- February 26 (4Q): Time expires before Hornets’ Jeremy Lamb can attempt full-court heave at Clippers
- February 26 (OT): Time expires before Hornets’ Marvin Williams can attempt full-court heave at Clippers
- March 3 (4Q): Pelicans’ Jrue Holiday airballs fadeaway long two-point jumper vs. Spurs
- March 3 (OT): Pelicans’ Demarcus Cousins airballs three-pointer vs. Spurs
- March 5 (4Q): Jazz’s George Hill misses one-handed runner off back of rim at Kings
- March 5 (OT): Jazz’s Rudy Gobert makes tip-in at Kings
- March 10 (4Q): Wizards’ John Wall misses long two-point jumper at Kings
17 of the sampled NCAA 2nd half/overtime periods ended with a possession that could have tied or won the game. Only two of those possessions (11.8%) was converted (on 0.29 points per possession):
- February 17 (2H): Quinnipiac’s Peter Kiss’s three-quarter-court heave lands wide of basket vs. Fairfield
- February 17 (OT): Quinnipiac’s Peter Kiss misses three-pointer from hash mark off backboard vs. Fairfield
- February 19: Loyola-Chicago’s Ben Richardson misses halfcourt shot at Illinois State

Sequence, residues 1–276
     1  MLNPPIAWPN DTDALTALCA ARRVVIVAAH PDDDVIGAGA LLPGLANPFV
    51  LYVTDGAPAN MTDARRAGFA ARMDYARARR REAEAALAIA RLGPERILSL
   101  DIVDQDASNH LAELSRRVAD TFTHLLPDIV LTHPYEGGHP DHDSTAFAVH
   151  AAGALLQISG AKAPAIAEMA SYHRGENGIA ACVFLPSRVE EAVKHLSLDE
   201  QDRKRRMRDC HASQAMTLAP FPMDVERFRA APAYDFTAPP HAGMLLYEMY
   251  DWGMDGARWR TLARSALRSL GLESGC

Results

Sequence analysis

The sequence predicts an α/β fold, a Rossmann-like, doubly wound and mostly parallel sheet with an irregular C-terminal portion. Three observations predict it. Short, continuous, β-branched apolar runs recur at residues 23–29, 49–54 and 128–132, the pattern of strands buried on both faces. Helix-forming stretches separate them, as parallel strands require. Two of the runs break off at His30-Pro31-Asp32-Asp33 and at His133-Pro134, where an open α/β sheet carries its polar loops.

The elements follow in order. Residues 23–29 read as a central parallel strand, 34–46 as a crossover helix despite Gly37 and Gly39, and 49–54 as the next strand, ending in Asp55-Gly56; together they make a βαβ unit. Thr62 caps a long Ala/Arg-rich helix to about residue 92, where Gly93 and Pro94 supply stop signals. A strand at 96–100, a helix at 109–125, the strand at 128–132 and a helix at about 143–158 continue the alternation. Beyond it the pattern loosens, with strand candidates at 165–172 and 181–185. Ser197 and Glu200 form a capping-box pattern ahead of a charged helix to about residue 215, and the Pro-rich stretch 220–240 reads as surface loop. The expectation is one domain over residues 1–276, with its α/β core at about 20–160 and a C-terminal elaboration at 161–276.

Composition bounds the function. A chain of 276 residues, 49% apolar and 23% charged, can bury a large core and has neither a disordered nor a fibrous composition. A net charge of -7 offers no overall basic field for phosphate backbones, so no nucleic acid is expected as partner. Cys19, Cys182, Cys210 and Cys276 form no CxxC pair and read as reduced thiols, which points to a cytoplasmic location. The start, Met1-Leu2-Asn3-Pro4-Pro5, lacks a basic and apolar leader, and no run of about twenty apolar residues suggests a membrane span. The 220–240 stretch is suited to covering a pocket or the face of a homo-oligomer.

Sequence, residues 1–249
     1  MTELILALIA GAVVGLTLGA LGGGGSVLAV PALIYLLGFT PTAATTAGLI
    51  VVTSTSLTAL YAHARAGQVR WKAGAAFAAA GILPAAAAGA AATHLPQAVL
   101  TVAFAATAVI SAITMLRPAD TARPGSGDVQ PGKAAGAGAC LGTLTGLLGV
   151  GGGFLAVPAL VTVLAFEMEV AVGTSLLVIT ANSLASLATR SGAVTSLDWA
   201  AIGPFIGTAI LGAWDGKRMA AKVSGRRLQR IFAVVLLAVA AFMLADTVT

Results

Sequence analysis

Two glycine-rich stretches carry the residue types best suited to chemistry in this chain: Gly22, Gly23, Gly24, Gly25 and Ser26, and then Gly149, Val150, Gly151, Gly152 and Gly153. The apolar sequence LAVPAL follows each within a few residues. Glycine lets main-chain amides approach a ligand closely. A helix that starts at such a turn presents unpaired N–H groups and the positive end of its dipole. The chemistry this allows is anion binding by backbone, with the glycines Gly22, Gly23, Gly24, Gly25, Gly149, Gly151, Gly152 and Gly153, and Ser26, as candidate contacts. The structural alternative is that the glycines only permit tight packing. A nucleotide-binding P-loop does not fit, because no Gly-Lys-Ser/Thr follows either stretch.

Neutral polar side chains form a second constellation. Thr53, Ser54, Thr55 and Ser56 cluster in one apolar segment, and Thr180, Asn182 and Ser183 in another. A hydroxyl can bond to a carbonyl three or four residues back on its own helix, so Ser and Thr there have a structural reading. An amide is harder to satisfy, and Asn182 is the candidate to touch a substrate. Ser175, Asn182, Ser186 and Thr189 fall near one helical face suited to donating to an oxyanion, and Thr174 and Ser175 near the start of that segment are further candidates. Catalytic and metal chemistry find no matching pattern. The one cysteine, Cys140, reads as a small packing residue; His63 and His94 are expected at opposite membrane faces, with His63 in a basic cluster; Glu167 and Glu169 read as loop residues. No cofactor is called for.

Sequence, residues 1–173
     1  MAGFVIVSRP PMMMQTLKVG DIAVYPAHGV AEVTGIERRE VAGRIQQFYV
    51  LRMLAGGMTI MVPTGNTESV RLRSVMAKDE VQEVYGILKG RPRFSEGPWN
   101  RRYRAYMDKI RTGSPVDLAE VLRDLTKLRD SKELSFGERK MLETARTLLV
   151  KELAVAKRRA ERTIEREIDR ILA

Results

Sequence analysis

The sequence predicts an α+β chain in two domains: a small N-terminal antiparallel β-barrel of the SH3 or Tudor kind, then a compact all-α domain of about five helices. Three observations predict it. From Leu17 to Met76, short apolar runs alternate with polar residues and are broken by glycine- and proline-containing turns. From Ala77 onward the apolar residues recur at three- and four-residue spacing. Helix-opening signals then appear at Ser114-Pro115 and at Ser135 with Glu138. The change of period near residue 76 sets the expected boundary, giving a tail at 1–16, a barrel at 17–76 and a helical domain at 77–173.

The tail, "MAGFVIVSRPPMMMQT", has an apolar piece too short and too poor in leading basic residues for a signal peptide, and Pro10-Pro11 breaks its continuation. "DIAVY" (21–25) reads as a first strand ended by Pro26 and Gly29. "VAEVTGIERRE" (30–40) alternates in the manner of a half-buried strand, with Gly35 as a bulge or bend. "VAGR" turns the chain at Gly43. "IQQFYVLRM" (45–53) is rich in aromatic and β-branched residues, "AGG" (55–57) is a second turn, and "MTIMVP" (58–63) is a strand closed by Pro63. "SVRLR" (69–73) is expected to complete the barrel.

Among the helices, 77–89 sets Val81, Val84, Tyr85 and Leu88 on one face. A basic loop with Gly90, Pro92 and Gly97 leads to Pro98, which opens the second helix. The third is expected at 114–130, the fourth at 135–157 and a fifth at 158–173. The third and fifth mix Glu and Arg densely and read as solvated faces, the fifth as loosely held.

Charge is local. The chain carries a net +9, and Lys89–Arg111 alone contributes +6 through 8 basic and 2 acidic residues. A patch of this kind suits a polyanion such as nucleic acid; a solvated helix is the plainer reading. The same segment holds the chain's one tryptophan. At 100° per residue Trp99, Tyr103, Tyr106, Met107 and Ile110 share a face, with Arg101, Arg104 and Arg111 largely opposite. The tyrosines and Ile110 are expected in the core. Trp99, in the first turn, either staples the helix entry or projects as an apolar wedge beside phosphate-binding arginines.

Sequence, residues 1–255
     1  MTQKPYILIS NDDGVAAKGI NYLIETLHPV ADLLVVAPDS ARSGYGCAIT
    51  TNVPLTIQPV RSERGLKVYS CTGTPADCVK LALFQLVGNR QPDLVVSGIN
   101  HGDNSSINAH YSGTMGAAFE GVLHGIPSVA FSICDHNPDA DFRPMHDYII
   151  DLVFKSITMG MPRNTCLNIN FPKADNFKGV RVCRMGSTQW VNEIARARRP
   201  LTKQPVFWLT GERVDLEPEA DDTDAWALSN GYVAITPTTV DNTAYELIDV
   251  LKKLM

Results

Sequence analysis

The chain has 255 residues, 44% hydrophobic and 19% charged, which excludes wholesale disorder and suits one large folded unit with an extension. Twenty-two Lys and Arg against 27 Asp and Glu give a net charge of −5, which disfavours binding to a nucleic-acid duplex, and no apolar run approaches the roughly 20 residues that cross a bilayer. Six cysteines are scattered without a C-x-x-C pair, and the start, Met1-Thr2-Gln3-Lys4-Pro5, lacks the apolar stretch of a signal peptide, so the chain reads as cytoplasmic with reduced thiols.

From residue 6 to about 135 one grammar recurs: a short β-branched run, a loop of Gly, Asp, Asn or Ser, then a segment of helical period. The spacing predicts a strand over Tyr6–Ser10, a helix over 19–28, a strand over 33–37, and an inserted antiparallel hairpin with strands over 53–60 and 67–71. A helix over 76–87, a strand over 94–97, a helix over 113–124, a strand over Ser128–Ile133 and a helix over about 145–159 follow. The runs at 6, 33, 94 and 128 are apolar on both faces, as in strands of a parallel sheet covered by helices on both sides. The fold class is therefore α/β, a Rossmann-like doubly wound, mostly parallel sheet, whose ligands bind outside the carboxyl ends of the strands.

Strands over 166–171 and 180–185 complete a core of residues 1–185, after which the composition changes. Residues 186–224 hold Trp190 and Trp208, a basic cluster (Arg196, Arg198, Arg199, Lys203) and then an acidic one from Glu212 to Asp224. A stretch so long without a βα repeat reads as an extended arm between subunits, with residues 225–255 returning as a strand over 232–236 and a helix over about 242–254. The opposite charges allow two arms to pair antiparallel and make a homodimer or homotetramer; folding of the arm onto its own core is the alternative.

- February 19: Utah’s Kyle Kuzma’s three-quarter-court heave lands wide of basket at Oregon State
- February 20 (2H): Texas Tech’s Zach Smith misses catch-and-shoot turnaround three-pointer off side of rim vs. Iowa State
- February 20 (OT): Time expires before Texas Tech’s Devon Thomas can attempt deep three-pointer vs. Iowa State
- February 21: Tulane’s Colin Slater misses three-pointer off back of rim vs. East Carolina
- February 22: Temple’s Obi Enechionyia’s halfcourt heave lands wide of basket vs. Central Florida
- February 25 (2H): Temple’s Shizz Alston, Jr. misses running three-pointer from hash mark off back of rim vs. Tulane